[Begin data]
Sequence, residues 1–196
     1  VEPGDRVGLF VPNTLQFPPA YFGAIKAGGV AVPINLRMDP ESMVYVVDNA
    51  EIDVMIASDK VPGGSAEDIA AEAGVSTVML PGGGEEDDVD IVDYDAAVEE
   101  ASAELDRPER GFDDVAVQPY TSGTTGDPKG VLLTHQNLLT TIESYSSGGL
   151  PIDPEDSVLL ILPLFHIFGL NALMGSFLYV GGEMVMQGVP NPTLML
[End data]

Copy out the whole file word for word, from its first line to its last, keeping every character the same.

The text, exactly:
Sequence, residues 1–196
     1  VEPGDRVGLF VPNTLQFPPA YFGAIKAGGV AVPINLRMDP ESMVYVVDNA
    51  EIDVMIASDK VPGGSAEDIA AEAGVSTVML PGGGEEDDVD IVDYDAAVEE
   101  ASAELDRPER GFDDVAVQPY TSGTTGDPKG VLLTHQNLLT TIESYSSGGL
   151  PIDPEDSVLL ILPLFHIFGL NALMGSFLYV GGEMVMQGVP NPTLML